Thinking Beyond Words

The Jataka tales of the Buddha’s earlier lives provide an interesting perspective on our ideas about what the Buddha was. Many of the tales reveal a very idealized person or an animal. Figures such as a king, an outcast, a god, an elephant are common. In one tale, Prince Sattva comes to the edge of a cliff at the bottom of which is a starving tigress who in desperation is about to eat her newborn cubs. The Prince reflects that his body is just so much flesh, and by giving it up, he can save the tigress' purity and her cubs' lives. He leaps off the cliff to his death, attracting the tigress' attention with his impact, and she eats his body, preserving her life and those of her cub as the Prince Sattva had hoped1. Certainly a remarkable human effort. But in others, the future Buddha is a turtle or a jackal. Not human and not perfect. 

I think it is useful to maintain this perspective of a less-than ideal Buddha. A person who struggled with finding the right way to live, with right actions and right speech. Having this vantage-point fosters an understanding that anyone can enter the Bodhisattva path. Pema Khandro has noted that “Wherever you find yourself, that’s the starting point of the Bodhisattva path — all we need to do is to take that first step.”2

So it is with these thoughts with respect to the mythological past of the Buddha and the reality of the Bodhisattva path that I have been considering whether to speak or not. Whether to say what I really think should be said against the onslaught of what I have often thought of as pernicious thoughts, foul and salacious language slandering and untold falsifications, outright lies and forthright demeaning of our Nation and its laws, its people and its culture. I have heard this diatribe throughout the past year as we witness this Presidential campaign and yet I’ve said little or nothing short of sharing what other’s have said to FaceBook. Not much to be proud of in doing that. 

Now I find myself at the end of this election campaign. I am considering whether this vulgate will continue. Sadly, I believe it will, even after the culmination of the election. So, I ask myself, “is there a right time to say something? When is that?” I’ve been resonating with a Koan I studied last year. The story goes that a person approaches a man and asks him why Bodhidharma has come from the West. It happens that this man is hanging from a tree branch, by his teeth. He is unable gather any purchase. No foot-hold is available nor is he able to further grab with his hands. So what is this man to do? Dogen said, “At such a time, were he to open his mouth to answer the man, he would lose his grip and forfeit his life. Were he not to answer, he would make a mistake due to the nature of what was asked. Speak up! What, for goodness sake, should he do at such a time?”3  

What indeed? This problem has been sticking, deep inside. It has continually gnawed at me, exasperating me and nettling me so that it has sometimes consumed my thinking. It has been at my unconscious and my conscious, interrupting my feeling state, producing nausea each time I hear the language or see the person responsible for it. I have wanted to say something, but I feared I would open my mouth and fall. Fall to where? I am not certain. But a visceral sense of loosing something accompanies my feeling of free-fall. Is this what Mumon expected when he entered this Koan in the casebook? That I should feel anxiety and panic and cease my ability to comment? To never have said a word? To have never made a sound except perhaps a wail of desperation?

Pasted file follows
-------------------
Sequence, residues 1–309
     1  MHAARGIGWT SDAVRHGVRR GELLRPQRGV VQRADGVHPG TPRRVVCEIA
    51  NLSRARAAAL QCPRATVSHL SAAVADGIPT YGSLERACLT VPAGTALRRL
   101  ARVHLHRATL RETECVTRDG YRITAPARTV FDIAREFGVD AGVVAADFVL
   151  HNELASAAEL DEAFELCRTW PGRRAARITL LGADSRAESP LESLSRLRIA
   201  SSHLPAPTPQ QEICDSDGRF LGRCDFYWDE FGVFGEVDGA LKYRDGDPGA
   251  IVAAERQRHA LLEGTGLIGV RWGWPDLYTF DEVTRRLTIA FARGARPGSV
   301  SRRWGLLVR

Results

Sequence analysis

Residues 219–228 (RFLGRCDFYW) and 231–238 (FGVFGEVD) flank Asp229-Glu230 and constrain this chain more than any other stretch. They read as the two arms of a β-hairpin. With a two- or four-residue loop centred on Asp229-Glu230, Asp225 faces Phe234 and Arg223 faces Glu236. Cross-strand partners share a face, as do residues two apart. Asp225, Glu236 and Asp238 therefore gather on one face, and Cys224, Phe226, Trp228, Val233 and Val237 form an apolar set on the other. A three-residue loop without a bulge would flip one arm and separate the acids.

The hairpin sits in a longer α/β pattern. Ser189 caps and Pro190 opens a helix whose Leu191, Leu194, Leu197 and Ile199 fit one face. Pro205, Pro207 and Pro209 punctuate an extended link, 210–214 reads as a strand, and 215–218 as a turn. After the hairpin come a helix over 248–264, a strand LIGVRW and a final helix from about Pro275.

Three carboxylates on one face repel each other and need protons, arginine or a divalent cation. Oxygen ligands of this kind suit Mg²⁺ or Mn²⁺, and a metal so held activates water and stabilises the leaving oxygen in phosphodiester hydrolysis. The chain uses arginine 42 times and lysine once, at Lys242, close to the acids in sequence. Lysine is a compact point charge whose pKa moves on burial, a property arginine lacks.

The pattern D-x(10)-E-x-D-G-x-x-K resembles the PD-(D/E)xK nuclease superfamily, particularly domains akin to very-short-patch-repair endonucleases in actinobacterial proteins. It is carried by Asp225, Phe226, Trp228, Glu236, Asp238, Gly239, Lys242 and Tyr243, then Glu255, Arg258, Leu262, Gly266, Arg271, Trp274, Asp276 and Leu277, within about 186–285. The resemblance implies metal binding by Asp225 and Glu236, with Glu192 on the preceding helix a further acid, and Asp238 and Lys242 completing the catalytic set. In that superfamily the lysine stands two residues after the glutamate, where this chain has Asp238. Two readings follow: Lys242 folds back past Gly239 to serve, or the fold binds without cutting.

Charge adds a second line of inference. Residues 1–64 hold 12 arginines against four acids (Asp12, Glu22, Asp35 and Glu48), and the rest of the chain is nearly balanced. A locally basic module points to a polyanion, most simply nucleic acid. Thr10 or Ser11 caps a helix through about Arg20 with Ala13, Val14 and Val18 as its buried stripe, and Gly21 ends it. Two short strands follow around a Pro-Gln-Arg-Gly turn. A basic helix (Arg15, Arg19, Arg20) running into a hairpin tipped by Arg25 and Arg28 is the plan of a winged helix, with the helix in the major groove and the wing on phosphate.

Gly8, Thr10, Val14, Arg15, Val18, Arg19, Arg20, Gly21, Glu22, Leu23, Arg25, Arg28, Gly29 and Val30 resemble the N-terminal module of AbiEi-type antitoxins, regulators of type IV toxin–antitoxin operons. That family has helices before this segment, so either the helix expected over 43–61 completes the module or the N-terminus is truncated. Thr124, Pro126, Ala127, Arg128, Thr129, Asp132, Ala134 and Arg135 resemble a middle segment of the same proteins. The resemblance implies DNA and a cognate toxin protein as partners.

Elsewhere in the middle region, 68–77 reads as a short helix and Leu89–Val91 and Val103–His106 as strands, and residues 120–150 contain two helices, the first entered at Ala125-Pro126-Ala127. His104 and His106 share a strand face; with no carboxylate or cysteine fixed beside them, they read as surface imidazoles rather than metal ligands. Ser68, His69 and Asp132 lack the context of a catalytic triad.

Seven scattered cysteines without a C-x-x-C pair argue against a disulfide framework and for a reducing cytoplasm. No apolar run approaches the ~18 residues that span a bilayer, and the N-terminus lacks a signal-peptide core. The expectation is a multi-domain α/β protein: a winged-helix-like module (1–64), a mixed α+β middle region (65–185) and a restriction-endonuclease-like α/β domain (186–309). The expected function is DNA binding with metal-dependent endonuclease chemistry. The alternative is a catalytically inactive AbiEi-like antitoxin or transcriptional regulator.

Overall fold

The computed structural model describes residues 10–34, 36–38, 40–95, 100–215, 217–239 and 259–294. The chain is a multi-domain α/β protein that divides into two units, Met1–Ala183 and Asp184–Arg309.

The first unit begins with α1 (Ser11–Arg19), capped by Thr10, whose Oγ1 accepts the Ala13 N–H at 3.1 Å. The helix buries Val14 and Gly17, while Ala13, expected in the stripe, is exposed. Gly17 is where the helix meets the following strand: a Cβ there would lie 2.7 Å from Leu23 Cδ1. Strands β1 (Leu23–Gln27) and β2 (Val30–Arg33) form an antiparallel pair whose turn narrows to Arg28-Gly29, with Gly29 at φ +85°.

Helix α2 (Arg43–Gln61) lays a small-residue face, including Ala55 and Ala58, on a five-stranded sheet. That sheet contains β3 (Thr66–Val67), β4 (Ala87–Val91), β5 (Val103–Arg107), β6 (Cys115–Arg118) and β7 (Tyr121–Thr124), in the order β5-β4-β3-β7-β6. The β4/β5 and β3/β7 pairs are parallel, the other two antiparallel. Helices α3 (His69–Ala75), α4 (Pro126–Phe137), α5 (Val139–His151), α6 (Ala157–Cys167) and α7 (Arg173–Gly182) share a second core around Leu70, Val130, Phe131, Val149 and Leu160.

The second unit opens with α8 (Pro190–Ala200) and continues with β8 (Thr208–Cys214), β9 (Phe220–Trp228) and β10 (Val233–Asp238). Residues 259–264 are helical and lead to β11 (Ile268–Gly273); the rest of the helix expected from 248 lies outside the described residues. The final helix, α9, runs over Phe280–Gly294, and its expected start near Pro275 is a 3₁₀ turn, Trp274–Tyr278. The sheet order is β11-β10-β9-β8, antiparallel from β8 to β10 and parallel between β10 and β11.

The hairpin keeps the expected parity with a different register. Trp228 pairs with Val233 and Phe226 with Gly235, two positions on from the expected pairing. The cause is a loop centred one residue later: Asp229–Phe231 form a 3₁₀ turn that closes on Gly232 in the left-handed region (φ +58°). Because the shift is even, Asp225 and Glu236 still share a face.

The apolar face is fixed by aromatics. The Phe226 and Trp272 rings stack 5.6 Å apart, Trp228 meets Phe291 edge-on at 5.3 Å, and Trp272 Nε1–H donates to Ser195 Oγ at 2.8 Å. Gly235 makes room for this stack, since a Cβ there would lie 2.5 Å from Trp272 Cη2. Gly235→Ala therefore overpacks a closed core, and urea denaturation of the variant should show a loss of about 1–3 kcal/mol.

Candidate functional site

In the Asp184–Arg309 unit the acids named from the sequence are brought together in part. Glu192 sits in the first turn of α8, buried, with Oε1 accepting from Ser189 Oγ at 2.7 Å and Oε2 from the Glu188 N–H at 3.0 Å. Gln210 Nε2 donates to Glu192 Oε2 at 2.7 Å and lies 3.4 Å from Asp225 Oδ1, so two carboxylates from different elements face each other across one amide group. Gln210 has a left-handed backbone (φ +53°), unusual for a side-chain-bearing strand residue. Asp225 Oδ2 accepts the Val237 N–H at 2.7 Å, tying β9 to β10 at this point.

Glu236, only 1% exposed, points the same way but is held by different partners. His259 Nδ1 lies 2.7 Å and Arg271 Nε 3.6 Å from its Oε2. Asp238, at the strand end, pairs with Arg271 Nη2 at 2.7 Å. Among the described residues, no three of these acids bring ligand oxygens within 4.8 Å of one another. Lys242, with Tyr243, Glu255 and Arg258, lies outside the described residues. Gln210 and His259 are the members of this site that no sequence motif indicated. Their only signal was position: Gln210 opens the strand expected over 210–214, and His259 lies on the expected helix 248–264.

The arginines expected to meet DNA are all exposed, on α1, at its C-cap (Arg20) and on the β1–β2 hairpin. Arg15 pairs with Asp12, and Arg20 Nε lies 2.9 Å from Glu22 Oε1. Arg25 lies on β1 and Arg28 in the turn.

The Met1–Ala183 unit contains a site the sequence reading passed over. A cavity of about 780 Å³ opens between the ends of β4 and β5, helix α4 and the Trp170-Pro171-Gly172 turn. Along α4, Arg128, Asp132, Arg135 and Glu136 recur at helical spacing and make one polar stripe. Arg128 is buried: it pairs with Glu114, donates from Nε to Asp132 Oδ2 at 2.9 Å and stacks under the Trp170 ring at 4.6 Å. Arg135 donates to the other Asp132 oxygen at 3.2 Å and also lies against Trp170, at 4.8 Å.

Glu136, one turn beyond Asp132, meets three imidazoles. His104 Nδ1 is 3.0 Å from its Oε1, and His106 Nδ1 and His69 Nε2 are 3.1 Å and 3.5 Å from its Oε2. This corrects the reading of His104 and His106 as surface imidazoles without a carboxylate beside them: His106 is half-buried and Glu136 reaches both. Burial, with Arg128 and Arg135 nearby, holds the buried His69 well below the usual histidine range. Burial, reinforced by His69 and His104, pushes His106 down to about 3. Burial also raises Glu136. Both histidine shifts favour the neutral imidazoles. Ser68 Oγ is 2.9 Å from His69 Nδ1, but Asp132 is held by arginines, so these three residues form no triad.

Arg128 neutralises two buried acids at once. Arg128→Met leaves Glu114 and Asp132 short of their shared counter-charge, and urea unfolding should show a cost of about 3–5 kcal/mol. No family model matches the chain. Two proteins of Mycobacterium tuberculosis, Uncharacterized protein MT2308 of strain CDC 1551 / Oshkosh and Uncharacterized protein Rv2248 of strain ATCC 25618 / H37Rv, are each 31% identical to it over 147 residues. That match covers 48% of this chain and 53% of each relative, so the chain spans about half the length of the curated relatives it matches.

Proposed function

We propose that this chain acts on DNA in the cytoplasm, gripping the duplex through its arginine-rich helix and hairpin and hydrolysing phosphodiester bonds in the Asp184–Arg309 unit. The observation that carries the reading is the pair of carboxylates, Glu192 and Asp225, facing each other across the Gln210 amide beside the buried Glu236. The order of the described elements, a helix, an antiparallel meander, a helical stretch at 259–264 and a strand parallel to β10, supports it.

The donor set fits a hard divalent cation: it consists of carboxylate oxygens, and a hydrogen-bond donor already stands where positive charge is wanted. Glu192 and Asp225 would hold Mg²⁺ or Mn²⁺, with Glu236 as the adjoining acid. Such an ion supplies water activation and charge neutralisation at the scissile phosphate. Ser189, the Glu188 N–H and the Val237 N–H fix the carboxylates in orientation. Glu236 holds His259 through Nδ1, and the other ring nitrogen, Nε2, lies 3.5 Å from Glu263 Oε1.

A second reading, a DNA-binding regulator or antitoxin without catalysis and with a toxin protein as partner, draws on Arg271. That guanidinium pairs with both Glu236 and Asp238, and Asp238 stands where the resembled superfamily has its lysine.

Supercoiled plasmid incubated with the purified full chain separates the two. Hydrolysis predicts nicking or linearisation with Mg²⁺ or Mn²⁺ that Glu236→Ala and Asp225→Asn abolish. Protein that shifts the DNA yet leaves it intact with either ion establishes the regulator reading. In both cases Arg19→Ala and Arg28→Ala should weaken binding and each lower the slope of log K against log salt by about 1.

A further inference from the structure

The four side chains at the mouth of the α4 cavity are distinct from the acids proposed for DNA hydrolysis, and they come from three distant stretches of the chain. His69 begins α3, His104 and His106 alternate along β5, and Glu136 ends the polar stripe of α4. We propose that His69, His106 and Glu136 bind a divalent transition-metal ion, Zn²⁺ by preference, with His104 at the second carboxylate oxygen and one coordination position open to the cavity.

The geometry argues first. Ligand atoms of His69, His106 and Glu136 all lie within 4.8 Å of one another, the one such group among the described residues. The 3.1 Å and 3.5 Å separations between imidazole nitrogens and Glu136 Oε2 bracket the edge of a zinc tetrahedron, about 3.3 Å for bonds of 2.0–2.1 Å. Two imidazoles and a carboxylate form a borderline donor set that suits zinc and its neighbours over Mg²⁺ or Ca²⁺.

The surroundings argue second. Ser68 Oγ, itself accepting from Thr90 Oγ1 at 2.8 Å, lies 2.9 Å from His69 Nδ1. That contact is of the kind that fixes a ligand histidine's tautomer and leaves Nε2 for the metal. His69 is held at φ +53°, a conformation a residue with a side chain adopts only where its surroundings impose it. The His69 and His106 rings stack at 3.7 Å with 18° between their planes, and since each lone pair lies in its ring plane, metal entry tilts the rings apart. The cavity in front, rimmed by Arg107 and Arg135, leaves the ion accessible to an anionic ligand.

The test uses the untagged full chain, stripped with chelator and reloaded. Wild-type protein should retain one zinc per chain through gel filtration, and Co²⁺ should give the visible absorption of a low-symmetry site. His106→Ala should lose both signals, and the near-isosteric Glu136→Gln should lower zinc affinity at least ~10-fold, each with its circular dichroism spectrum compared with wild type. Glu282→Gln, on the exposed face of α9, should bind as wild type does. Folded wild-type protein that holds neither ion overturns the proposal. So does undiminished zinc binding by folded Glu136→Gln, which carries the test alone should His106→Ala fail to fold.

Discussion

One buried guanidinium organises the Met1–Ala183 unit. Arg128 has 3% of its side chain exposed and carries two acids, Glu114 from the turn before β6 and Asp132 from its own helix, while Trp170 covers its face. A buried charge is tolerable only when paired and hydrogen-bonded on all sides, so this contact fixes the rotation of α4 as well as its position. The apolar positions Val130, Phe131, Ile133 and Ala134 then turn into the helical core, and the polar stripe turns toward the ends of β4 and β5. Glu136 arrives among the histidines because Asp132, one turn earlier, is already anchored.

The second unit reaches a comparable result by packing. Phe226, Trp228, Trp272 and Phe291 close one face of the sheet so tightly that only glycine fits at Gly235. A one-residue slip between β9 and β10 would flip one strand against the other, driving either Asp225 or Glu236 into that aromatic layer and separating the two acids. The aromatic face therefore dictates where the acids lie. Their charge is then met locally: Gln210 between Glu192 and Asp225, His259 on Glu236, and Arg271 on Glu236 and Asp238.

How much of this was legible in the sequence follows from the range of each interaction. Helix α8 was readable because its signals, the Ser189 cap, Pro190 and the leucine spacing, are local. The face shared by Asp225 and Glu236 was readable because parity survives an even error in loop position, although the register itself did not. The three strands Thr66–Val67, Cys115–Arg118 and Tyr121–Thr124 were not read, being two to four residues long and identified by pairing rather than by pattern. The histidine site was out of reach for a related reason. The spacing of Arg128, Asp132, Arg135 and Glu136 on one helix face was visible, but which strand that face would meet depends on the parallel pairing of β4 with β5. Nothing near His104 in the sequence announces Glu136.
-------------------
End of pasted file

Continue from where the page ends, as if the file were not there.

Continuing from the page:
A wail of desperation is nothing other than ideas fraught with inactivity. This desperation that came from a feeling of frustration that I have done nothing. Perhaps all of this is more than can be expressed in words — perhaps I need to speak beyond words. 

As a person who has taken the Bodhisattva vow, I think seriously about taking action to better this world. To aid other sentient beings. To make amends for the things I’ve not done or the things I’ve done which may have caused harm. Being silent may have been one of those things which has not brought benefit. Yet as I reflect, I have worked the phones for Hillary Clinton. It is something I’ve done and have been proud to do. Working the phones I met, straight on, people who glowed in excitement about the potential of her Presidency. I encountered numerous angry people who were tired of being disturbed by unwanted phone calls. I was repeatedly hung-up on. But I was acting. Each person understood that my call had meaning behind it, even if they did not agree with or like the intrusion. I acted upon them. And with those acts I was speaking beyond words. 

Because I have sat with these sensations: needing to do but not quite putting my mind or mouth to what it is that needs to be done, I have learned a lot about myself. I have learned that though I could have spoken out and still could speak out, I do far more through my conduct. Through my behavior I speak volumes. The next time I find myself hung-up, unable to speak, I will be mindful that I can move my body, swing my legs and gesture with my arms. And I can growl. No need to make amends for that.

by Mark Shishin Gelula


1. Adapted from Wikipedia “Jataka Tales”.
2. Pema Khandro. “You’re Ready Enough.” Buddhadharma: The Practitioner’s Quarterly. Fall, 2016. Page 35.
3. Dogen. The Man Up a Tree Koan. Shobogenzo, Soshi Seirai I.